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We’re excited to see everyone at Kubecon this week! We’ve been working with our customers to understand how they’re thinking about Kubernetes and what we can do to make it easier for them. Azure Stack unleashes new hybrid capabilities for developing applications. You design, develop, and maintain your applications just like you do with Azure and you can deploy to any of the Azure clouds. Your application’s location becomes a configuration parameter rather than a design constraint.
So how does Azure Stack work with containers exactly? The way that containers and hybrid cloud work together can allow you to solve many problems. You can create a set of apps in containers using the languages you love like NodeJS, Python, Ruby, and many others. You can also take advantage of the wide array of tooling available, including Visual Studio Code. You can deploy your container or set of containers to a mix of environments that meet your user’s requirements. For instance, you can keep your sensitive data local in Azure Stack and access current functionality such as Azure Cognitive Services in global Azure. Or you can develop your apps in global Azure where you developers are and then deploy the containerized apps to a private cloud in Azure Stack that becomes completely disconnected on board a submarine. The possibilities are endless.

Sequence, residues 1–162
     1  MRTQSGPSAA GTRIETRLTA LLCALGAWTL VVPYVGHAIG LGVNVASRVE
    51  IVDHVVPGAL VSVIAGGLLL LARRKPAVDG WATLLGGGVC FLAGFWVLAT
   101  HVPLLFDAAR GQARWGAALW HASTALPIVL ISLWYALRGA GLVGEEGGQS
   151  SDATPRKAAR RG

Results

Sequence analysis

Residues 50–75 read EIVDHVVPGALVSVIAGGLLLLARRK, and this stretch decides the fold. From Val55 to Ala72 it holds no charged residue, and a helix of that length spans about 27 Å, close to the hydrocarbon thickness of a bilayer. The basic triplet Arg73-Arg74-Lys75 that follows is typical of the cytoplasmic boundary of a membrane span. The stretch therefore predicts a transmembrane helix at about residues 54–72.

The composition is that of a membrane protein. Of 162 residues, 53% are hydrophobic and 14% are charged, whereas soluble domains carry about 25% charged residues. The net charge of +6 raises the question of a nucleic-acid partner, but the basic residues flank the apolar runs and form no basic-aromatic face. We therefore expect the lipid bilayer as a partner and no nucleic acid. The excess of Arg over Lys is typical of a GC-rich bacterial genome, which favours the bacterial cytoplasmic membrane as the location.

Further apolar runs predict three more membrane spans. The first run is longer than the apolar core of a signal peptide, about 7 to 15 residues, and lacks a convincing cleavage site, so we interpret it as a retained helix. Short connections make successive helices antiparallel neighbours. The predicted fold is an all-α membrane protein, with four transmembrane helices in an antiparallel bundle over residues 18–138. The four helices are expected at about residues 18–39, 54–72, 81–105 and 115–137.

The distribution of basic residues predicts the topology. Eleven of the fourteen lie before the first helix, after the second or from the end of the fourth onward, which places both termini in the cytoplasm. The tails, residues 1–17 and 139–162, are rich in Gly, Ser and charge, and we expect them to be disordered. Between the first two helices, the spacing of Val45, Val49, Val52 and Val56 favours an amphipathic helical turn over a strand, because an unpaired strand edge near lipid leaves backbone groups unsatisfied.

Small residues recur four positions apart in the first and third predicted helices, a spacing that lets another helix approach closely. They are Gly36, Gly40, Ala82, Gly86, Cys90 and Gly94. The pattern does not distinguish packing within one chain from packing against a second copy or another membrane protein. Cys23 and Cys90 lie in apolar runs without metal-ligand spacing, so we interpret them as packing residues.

Azure Stack allows you to run your containers on-premise in pretty much the same you as you do with global Azure. You can choose the best place for your containers depending on data gravity, data sovereignty, or other business needs. Containers let you use Azure Services from your host running on-premise and lets you take advantage of the secure infrastructure, integrated Role Based access Control, and seamless DevOps tools allowing you to create a single pipeline targeting multiple Azure clouds. Your containers and supporting services are hosted in a secure infrastructure that integrates with your corporate network.
The Kubernetes Marketplace item available in Preview for Azure Stack is consistent with Azure since the template is generated by the Azure Container Service Engine, the resulting cluster will run the same containers as in AKS. It also complies with the Cloud Native Foundation.
Your developers can also use Open Shift Container Platform in Azure Stack. Open Shift provides a consistent container experience across Azure, Azure Stack, bare-metal, Windows, and RHEL. Open Shift brings together Microsoft and Red Hat developer frameworks and partner ecosystems as previously announced in September.
When you take your containers across Azure, Azure Stack, and Azure sovereign clouds, you should also consider that your application architecture likely depends on more than containers. Your application likely depends on numerous resources with different, specific versions. To make it easier to manage this, we recently announced the Cloud Native Application Bundles, a new open source package format specification created in close partnership with Docker and broadly supported by HashiCorp, Bitnami, and more. With Cloud Native Application Bundles, you can manage distributed applications using a single installable file, reliably provision application resources in different environments, and easily manage your application lifecycle without having to use multiple tools.
This week is KubeCon and if you are attending you can see Kubernetes and Azure Stack in action in the Expo Hall. Please drop by our booth #P18 to see great demos of the technologies I mentioned in this post.
I hope you find the information in this post useful! Stay tuned for new topics around developing hybrid applications and feel free to follow me on Twitter.
To learn more about hybrid application development, read the previous post in this series: “What you need to know when writing hybrid applications.”